“Exactly.”

“So don’t ruin it for us. Where do you want to eat?”

“Fine. Let’s go to Cora’s.” There was a pregnant pause. “You said I could choose,” Sebastian pointed out.

“Well, I…” James began.

“You know, it’s just that…” I tried to explain.

“My sister and I eat there whenever she’s in town. The food’s great.”

“Cora’s it is,” James said, turning the corner onto Bank Street.

It wasn’t that we didn’t like the food at Cora’s. It would be hard to find fault with the waffles, omelets, and pancakes loaded with fresh fruit, English cream, and syrup. Let’s just say that the vibe was more Old Folk’s Home than Urban Eatery. This never seemed to bother Sebastian—nothing much bothered Sebastian when it came to eating—but James and I found the atmosphere a bit…suburban for our tastes.

At any rate, this was Sebastian’s celebration and we wouldn’t ruin it for him. Of course, we’d have to refrain from any obvious displays of intimacy over brunch, since we’d be likely to get at least a few rude stares and loud comments. It seemed that when people reached a certain age they no longer cared much what anyone thought—they’d say whatever they liked. And since most of them were deaf, they’d say it loudly.

So James and I accompanied Sebastian into the restaurant in question, requesting a booth and hoping for one in the corner or at least away from curious onlookers. Sometimes people in their senior years would go looking for trouble. Maybe their lives weren’t as interesting as they used to be, and a self righteous exchange with their companions about the three men sitting together in booth five was just what they needed. Of course, I was generalizing. Sebastian’s Granny Jo had been quick-witted, world-wise, and savvy to a lot of things, and strangely liberated for someone her age. But we knew she was the exception.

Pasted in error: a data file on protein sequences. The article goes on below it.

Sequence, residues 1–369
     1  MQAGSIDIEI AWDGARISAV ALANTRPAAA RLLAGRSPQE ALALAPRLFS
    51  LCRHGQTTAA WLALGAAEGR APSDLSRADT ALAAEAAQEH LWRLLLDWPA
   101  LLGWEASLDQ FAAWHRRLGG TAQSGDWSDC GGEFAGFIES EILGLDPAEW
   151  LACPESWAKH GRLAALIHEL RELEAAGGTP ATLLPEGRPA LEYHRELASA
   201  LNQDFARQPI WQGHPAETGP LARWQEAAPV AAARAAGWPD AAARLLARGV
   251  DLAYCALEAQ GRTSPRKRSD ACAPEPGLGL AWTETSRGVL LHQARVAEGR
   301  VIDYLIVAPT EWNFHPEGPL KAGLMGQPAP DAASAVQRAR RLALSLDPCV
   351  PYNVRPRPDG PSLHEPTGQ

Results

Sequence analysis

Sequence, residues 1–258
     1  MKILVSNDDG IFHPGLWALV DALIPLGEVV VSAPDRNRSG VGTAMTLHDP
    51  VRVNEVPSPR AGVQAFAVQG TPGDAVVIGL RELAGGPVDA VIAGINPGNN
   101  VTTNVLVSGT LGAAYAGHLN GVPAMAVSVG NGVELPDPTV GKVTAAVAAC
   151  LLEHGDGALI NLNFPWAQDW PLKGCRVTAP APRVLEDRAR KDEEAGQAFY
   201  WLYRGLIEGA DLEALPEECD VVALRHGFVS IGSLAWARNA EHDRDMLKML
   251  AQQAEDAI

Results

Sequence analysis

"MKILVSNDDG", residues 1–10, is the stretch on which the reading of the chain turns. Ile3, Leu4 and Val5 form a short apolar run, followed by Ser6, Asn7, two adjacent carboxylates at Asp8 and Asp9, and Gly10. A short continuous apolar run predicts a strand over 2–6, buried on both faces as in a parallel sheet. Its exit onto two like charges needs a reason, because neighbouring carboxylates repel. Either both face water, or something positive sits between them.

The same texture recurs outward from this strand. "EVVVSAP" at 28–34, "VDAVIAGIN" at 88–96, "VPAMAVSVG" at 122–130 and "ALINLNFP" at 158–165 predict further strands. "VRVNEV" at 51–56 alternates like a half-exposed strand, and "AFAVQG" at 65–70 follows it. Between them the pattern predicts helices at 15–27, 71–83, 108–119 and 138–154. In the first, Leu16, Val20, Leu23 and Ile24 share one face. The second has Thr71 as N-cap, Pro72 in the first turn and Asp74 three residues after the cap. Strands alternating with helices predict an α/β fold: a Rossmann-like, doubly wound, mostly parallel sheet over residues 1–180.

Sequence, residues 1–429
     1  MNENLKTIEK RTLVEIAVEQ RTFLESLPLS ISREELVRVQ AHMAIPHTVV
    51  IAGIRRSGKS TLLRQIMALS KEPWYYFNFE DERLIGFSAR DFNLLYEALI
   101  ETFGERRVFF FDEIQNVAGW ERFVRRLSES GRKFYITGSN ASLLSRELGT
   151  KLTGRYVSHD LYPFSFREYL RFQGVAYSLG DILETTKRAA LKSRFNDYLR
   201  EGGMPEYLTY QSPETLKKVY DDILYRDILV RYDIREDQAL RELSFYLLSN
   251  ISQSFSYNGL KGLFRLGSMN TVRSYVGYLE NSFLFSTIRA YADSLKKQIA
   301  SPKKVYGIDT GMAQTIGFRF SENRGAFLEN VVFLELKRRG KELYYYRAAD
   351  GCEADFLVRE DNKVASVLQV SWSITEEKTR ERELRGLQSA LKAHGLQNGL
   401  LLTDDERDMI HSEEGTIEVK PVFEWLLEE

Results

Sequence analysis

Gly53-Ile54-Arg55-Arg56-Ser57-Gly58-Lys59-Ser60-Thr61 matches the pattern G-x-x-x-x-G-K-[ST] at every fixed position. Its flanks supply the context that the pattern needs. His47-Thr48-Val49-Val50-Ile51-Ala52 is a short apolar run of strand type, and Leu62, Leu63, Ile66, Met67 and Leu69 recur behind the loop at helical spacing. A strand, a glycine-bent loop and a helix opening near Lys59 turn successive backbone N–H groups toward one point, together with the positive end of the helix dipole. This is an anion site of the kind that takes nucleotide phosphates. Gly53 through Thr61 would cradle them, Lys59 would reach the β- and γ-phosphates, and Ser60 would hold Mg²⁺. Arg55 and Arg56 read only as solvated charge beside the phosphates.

Since no booths were available, we were directed to a table quite close to other diners, most notably a large group of elderly men and women who seemed to be celebrating a retirement. Perhaps the curious glances we received were due to the fact that Sebastian and I were the youngest people in the restaurant, and also kind on the eye. And James, well, James attracted attention everywhere he went.

“Hmm, I’m going to get an omelet,” James said, perusing the menu. “What about you?”

“The Belgian waffle is calling my name,” I said.

“Sebastian?”

“The Fourth of July looks good. Crepes, French toast, and fruit.”

“Wonderful.” He looked around for a server. “I really need a coffee.”

“Me too,” I said.

Finally, a server saw us and filled our mugs. “Sorry, it’s a zoo in here today. What would you gentlemen like?”

When she left we sat quietly, sipping our coffees. It was strange but I felt more relaxed in this place. I didn’t feel like I had to impress anyone. The fact that I had all my own teeth seemed to already give me points.